The issue of term limits has been once again attracting attention, this time as a result of remarks by Prime Minister Ralph Gonsalves, events in Honduras and a recent poll in Guyana. Just before he left Guyana two months ago, having attended the Caricom Heads of Government Conference, Prime Minister Ralph Gonsalves expressed disagreement with term limits.

President Zelaya of Honduras is entitled to only one four-year term as President. He tried to amend the constitution to provide for a second four-year term without success. He then attempted to hold a non-binding referendum to elect a constituent assembly to amend the constitution. If approved this constituent assembly would have been established after he left office. This was misrepresented by the military as an attempt to illegally gain a second term in office and they used this to stage a coup, bundling Zelaya out of the country.
Vishnu Bisram, the well known and reputable New York pollster, recently published a poll, reflecting what I believe to be the true state of affairs, namely, that President Jagdeo is the most popular politician in Guyana and if he runs for a third term he will win hands down. The outstanding economic and social progress in Guyana under President Jagdeo’s leadership, amidst great challenges, and a number of initiatives in the world financial architecture and climate change have  ensured Jagdeo’s stature as a leading statesman. The poll confirms this.
Most countries in Latin America impose term limits. Venezuela is the only country that has abolished them altogether. Most countries in the Westminster system, with a Prime Minister as head of Government, do not have term limits. In most, though not all of these countries, governments rotate between two main parties or through differently constituted coalitions. In a few like Singapore and Malaysia, one political party has remained in office for a long time. There are no demands in these countries for term limits, perhaps because the Prime Ministers relied on democratic principles and wisely adopted successful development models. 
In recent years many countries, particularly in Africa, imposed term limits. Since the early 1990s 18 African presidents completed two terms in office. Eight retired while ten sought amendments to their constitutions to remain in office. Seven were successful. (Daniel Vencovsky: Presidential Term Limits in Africa: 20 January 2008). It is fair to conclude that the trend towards term limits for presidents is strong. It is perhaps irreversible in Latin America but not yet so in Africa although the unmistakable tendency is in that direction. For prime ministers in this region and elsewhere there is no such trend, nor demand.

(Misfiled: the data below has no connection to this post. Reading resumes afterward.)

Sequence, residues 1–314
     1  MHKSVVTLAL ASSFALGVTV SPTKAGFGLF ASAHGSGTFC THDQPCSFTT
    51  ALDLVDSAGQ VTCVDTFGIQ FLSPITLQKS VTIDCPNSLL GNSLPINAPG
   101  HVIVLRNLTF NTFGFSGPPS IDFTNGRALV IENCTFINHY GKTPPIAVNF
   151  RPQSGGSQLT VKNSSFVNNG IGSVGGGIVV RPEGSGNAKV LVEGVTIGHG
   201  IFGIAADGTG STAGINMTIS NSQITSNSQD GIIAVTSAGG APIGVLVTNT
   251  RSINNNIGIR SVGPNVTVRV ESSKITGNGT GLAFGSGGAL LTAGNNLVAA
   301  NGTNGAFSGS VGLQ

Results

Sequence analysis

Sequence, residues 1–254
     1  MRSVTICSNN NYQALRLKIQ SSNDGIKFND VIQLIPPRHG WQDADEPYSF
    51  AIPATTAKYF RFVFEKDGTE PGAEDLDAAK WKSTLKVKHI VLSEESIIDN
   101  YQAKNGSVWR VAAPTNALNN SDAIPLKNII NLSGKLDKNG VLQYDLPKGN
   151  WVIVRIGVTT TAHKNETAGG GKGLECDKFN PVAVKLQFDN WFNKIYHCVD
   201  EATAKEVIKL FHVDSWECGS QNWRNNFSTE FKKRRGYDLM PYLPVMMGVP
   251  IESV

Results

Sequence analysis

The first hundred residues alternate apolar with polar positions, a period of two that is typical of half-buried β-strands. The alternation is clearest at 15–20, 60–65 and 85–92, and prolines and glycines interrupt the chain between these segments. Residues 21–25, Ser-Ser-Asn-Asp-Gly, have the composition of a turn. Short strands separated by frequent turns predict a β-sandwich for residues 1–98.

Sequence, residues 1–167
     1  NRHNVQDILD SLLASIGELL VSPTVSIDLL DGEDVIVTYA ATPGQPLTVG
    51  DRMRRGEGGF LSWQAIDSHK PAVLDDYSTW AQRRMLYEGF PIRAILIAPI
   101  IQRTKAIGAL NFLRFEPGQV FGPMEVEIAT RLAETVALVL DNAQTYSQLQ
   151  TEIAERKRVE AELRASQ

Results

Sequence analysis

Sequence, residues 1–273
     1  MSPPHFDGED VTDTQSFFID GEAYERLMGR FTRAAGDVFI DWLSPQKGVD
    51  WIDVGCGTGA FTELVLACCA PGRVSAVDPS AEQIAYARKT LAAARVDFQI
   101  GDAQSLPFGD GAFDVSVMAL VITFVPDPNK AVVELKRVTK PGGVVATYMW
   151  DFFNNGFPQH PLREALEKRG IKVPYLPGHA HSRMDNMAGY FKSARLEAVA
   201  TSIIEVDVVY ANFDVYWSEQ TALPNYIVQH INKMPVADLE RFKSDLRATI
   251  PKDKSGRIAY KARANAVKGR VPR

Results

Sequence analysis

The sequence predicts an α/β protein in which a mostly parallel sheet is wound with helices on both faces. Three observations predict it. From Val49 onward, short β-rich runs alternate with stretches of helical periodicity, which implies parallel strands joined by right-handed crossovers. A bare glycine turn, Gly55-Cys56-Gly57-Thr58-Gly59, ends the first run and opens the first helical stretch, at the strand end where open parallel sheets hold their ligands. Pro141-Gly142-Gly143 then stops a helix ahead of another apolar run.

The Guyana Constitution Reform Commission, by a majority of 12 to 4, across party lines, recommended in 2000 that “a person shall hold the office of president for a maximum of two terms and those terms shall be consecutive.” The Bill that came to the National Assembly limited the terms to two but did not provide for them to be consecutive. The Bill was supported by both political parties and is now law.
Guyana’s experience which led to the imposition of term limits had to do with its experience and history. The era of the “Big Man’ in politics, both in Guyana and Africa, was coming to an end by the 1990s. It was felt that provision should be made to ensure that leaders should not be allowed to remain in office indefinitely in view of the tendency towards authoritarian rule even where these leaders were elected democratically. With the exception of Guyana, the Caribbean had no real experience of ‘Big Man’ politics. Without the experience of the hubristic attitude, stagnant economy and corrupt behaviour that lifetime or even long term leadership of a country can bring, even where electoral democracy prevails, the strong support for term limits, as in Guyana, cannot really be appreciated in countries like St. Vincent.
Term limits are matters for individual electorates. The abolition of term limits in Venezuela was supported by its electorate. Term extensions from one to two in Brazil and Columbia were democratically implemented. So were the imposition of term limits in Africa and Guyana. It is a matter for each people to decide based on their own experiences and circumstances. One size does not fit all. Asked if he will respect term limits, Paul Kagame, the internationally acclaimed President of Rwanda, in an interview with Fareed Zakaria on CNN on July 19, responded in the affirmative and said that the constitutional provision was there for a purpose.
In Guyana, despite several statements by President Jagdeo that he is not interested in a third term, speculation continues to be generated by fanciful, ludicrous and denigratory analyses and scenarios, concocted in the twisted, becloaked, minds of self described and attention seeking ‘essayists,’ specializing in trash journalism and obsessive character assassination. They can and should be ignored.  (www.conversationtree.gy) 

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